First established in the 6th century, Inverness, the capital of the Highlands of Scotland, is positioned on the edge of the River Ness.
Sitting high atop a hill along the river, pink Inverness Castle is its most imposing structure. Other buildings of note include Inverness Cathedral and the Old High Church on St Michael's Mount along the edge of the Ness.
For many travelers, Inverness is the gateway to Loch Ness and Urguhart Castle. The loch itself is where a local reporter wrote an article about a strange sighting near the castle in 1933, and the unproven legend of "Nessie" has (since then) remained a profitable tourism attraction.
On the main street in Inverness this young Scottish Naval cadet was raising money for the flood relief in Pakistan.
This one-man-band in the town center had the attention of this little girl, and her foot was tapping with the beat.
Kilts are commonly worn all across Scotland.
Inverness Castle sits on a cliff overlooking the River Ness, in Inverness, Scotland. This red sand stone structure was built in 1836 by architect William Burn. It is built on the site of an 11th century defensive structure. And in fact, there has been a castle at this site for many centuries.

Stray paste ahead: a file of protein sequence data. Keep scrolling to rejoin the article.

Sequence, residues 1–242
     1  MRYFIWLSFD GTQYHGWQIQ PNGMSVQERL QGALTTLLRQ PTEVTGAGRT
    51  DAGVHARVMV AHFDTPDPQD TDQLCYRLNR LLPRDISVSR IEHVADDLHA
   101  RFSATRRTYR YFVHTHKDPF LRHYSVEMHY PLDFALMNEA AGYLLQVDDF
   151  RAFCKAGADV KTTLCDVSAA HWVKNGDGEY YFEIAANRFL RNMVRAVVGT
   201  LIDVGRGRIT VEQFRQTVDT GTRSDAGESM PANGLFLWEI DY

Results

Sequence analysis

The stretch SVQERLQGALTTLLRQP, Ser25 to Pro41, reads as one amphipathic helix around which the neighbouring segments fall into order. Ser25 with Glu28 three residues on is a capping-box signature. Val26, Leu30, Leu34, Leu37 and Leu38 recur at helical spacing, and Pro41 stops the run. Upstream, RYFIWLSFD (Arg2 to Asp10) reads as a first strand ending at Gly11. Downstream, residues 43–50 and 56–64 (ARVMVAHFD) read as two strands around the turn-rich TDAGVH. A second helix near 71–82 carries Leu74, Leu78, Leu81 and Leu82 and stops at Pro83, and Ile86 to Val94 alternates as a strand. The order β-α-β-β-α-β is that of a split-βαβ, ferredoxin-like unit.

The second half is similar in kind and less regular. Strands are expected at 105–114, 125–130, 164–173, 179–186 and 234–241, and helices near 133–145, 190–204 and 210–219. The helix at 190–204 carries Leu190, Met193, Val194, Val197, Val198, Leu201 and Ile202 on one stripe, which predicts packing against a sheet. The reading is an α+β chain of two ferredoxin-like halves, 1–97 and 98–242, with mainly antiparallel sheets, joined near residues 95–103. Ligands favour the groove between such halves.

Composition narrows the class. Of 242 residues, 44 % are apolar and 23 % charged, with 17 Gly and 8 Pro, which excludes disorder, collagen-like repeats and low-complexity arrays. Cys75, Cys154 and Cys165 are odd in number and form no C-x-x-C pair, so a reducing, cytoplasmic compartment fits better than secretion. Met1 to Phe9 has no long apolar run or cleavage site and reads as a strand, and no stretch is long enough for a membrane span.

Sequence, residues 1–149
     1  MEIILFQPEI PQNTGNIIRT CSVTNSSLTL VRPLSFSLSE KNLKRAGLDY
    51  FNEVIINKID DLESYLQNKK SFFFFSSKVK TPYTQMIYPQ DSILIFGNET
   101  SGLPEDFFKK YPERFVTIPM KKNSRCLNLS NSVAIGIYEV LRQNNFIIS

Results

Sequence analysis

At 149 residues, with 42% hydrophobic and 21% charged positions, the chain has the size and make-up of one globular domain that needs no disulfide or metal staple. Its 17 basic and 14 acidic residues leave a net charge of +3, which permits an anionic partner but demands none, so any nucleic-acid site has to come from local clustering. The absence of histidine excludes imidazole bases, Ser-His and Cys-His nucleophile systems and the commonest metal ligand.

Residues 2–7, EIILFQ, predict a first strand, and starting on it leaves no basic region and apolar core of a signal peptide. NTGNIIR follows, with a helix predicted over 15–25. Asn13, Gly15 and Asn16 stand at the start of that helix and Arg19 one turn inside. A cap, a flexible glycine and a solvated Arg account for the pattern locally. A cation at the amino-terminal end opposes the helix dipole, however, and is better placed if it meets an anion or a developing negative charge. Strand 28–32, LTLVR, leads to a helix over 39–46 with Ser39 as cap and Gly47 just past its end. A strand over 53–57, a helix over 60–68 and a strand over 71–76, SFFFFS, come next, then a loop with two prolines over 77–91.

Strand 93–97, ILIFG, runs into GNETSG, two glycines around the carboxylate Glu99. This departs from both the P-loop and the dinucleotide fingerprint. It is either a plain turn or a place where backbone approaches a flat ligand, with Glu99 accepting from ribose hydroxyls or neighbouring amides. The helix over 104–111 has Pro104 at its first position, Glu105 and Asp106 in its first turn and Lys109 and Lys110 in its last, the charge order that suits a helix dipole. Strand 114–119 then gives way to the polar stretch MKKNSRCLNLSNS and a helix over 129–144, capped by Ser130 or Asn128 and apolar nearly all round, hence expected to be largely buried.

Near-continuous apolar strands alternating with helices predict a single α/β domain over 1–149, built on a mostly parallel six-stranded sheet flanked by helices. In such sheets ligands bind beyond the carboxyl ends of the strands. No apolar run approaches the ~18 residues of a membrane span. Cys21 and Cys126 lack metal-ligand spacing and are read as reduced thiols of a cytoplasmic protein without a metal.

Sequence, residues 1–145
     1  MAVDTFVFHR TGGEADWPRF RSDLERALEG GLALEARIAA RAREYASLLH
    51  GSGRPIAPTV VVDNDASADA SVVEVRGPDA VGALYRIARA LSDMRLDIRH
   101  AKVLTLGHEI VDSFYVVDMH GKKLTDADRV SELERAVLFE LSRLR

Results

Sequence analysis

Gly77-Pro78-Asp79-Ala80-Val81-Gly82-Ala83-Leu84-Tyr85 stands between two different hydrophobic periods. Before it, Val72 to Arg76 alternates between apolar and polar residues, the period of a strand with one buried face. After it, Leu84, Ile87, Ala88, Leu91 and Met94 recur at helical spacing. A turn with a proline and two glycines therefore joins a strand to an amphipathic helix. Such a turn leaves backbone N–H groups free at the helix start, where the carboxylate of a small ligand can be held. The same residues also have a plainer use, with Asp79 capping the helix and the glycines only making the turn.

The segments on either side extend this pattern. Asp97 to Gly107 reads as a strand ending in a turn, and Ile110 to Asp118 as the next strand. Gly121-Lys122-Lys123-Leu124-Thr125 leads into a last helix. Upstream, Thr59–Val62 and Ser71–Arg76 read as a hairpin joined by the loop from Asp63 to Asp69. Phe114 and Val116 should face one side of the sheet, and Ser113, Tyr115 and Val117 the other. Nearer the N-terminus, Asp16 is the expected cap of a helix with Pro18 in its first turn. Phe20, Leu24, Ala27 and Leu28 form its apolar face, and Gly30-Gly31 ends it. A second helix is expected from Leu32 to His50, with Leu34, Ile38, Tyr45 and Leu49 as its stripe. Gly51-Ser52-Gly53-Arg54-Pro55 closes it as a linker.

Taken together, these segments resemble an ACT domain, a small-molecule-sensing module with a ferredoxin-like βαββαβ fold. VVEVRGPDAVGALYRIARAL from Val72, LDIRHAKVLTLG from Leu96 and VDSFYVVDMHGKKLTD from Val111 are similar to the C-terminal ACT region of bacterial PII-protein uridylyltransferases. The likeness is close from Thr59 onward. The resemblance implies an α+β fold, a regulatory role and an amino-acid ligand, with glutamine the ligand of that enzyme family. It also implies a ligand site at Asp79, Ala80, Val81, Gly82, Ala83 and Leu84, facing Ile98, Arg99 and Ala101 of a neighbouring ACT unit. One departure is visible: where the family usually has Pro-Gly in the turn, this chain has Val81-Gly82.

This is the baptistery attached to the Inverness Cathedral, a stunning building of colorful stones.
Steeples along the River Ness in Inverness, Scotland. In the foreground is the Free North Church, while the Old High Church is in the background.
Just before entering St. Andrews Cathedral in Inverness, Scotland, I looked up and suddenly I couldn't help but think that..."A bird in the hand is worth two in the bush."
On the main shopping street in Inverness I came across this owl, one of two tethered to a post. I found out later that this is a European Eagle Owl, frequently considered to be the world's largest owl. It mainly feeds on small mammals, but can kill prey up to the size of foxes and young deer. A beautiful bird in an ugly situation. There should be a law!